# f07 ec51 ps5 answers - Economics 51D Due 12 October 2007...

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Economics 51D Due 12 October 2007 Problem Set 5 Answers 1. Time on the Keynesian Cross A. The short-run equilibrium GDP is found where Y = Y E , or actual GDP = Planned Expenditure. Planned expenditure is given by Y E = C + I + G + X – M in the basic case, but C depends on disposable income (Y-T) and T may depend on Y as well (if it’s an income tax), and M may depend on Y, too. In the problem, we’ll only have C depend on Y-T and we’ll write C = a C + b C *(Y-T), so that the expenditure function is Y E = a C + b C *(Y-T) + I + G + X – M. Then we can set Y = Y E , and collect the terms with Y in them on the left-hand side, so we get Y*(1- b C ) = a C - b C *T + I + G + X – M. Finally, dividing both sides by (1- b C ) gives C C C b M X G I T b a Y - - + + + - = 1 * . Putting the numbers in from the problem gives 92 . 1 400 400 600 460 550 * 92 . 100 * - - + + + - = Y = 8175 billion or 8.175 trillion. The calculations are also done on the accompanying spreadsheet. Note that on the spreadsheet, C = a C + b C *(Y-T), T = a T + b T *Y, and M = a M + b M *Y. Thus, a lump-sum tax of 550 has a T = 550 and b T = 0, and lump-sum imports of 400 have a M = 400 and b M = 0. B. The graph is presented on the accompanying spreadsheet. C. If taxes are raised by \$100 billion, then we can simply replace the numbers in the answer to Part A and recalculate: 92 . 1 400 400 600 460 650 * 92 . 100 * - - + + + - = Y = 7025 billion or 7.025 trillion. This is a fall of 1150 billion, or 1.15 trillion. D. Now let’s use the tax multiplier to calculate the change in GDP. The tax multiplier is found by solving for GDP in terms of changes. Let the greek letter Δ in front of a letter represent the change in that quantity. Therefore, the equilibrium in terms of changes is given by ΔY = Δa C + b C *( ΔY- ΔT) + Δb C *(Y – T) + ΔI + ΔG + ΔX – ΔM. Now, the only variables that are changing are Y and T, so all the other “Δ” variables are equal to 0. Setting these equal to 0 and collecting terms gives ΔY*(1- b C ) = - b C *ΔT or C C b T b Y - - = 1 = - (92 / .08) = -1150, so equilibrium GDP will fall by 1150 billion. Note that the simple tax multiplier here is C C b b - - 1 = -.92 / .08 = -11.5. E. The diagram graphs the medium-run and long-run effects of this increase in lump-sum taxes. In the short run, we know that equilibrium GDP falls by 1150 billion. This means that the AD curve shifts to the right by 1150 billion. Since this is the only change to the graph, the MRAS and LRAS curves are initially unchanged. In the medium run, the fall in AD will lead to lower GDP and lower prices, though the medium-run GDP is higher than the short-run GDP because of 1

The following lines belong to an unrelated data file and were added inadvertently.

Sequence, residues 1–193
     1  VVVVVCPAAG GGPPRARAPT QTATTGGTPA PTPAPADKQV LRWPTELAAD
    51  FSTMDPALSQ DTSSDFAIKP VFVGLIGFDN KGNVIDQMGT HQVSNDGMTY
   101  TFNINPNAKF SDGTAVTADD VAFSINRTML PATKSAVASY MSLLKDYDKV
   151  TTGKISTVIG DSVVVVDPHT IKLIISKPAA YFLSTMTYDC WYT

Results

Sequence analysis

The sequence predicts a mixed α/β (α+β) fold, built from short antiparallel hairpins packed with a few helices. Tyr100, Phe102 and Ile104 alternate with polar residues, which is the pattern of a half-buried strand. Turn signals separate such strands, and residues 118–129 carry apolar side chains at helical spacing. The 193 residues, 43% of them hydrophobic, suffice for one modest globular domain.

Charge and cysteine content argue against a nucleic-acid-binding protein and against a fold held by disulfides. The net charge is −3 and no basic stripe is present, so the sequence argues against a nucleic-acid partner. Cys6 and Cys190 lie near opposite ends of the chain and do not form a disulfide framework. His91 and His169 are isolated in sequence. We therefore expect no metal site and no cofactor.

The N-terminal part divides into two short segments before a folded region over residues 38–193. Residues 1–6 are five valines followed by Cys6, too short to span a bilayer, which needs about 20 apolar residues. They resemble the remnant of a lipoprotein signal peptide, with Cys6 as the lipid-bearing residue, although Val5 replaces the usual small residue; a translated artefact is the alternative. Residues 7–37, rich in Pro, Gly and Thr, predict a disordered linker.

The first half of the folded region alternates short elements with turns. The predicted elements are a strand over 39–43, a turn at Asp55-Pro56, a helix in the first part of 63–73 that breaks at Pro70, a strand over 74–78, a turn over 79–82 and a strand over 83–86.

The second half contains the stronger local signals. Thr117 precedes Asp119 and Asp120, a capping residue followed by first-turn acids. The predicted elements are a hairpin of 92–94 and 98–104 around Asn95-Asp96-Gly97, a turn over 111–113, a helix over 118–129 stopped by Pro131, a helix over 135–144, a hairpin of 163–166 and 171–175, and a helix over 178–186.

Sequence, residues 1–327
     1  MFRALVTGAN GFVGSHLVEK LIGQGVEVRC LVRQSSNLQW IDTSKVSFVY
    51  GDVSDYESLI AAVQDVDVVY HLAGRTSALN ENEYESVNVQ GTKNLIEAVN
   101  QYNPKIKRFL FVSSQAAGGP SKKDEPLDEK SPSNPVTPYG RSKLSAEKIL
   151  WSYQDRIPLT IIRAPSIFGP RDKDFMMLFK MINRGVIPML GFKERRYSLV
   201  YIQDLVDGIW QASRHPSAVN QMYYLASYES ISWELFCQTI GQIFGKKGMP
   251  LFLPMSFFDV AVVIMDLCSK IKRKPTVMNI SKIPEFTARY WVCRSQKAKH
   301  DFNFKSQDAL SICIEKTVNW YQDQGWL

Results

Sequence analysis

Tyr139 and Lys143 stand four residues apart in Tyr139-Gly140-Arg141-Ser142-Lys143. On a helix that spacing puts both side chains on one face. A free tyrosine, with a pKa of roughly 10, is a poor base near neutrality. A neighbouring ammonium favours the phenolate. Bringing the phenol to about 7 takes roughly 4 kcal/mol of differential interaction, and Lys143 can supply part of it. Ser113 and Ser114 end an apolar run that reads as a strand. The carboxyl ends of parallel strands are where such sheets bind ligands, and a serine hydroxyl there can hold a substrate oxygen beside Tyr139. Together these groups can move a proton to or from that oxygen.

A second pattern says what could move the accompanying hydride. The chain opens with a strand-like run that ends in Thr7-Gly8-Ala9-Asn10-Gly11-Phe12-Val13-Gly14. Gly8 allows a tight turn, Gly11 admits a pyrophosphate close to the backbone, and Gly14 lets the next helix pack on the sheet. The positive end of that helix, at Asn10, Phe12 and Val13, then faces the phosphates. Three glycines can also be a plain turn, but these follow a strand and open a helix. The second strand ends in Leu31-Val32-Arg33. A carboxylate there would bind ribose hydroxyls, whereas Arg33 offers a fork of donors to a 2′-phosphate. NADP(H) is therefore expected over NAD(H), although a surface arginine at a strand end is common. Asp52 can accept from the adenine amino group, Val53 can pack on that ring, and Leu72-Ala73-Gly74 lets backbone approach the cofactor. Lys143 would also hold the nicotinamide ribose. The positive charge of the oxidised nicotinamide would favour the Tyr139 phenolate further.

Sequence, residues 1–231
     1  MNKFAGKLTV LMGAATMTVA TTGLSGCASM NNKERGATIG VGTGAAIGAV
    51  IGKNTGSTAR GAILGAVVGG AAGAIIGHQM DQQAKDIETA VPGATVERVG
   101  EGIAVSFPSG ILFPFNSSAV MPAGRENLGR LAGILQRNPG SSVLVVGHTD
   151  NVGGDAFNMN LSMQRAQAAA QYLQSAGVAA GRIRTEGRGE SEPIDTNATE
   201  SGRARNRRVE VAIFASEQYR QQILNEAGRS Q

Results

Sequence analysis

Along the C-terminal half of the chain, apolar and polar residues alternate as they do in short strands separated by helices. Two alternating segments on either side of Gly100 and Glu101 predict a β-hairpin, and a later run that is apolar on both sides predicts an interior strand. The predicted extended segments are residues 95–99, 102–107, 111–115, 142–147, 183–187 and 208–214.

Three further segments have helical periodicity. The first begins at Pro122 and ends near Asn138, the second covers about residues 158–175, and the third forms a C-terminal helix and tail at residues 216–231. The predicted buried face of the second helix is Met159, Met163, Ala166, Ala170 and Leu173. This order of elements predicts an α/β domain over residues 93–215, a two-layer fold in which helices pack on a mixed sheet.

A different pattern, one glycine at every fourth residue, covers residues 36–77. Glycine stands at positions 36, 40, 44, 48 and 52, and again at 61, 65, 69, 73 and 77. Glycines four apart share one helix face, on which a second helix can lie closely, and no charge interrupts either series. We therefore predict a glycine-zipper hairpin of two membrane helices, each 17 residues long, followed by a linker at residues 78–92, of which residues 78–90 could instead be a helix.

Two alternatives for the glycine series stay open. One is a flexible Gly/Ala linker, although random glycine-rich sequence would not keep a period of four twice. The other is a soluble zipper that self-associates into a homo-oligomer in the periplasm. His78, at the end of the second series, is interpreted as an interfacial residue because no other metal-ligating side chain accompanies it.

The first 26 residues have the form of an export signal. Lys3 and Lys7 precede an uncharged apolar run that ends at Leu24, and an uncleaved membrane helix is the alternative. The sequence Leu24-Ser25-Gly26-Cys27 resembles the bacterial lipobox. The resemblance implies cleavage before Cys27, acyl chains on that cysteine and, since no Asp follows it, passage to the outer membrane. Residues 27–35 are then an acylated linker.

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the slope of the MRAS curve. Assuming that we started this exercise at a long-run equilibrium GDP of \$8175 trillion (that is, potential GDP = 8175 trillion), we know that in the short- and medium runs, actual GDP is less than potential GDP. This means that there will be downward pressure on wages, since the unemployment rate will rise as Y falls. Thus, W will fall over time, causing the MRAS curve to shift down because the marginal cost of production falls. As the MRAS curve shifts down, the medium-run equilibrium will move so that GDP begins to rise and the price level continues to fall. The MRAS curve will continue to shift down until long-run
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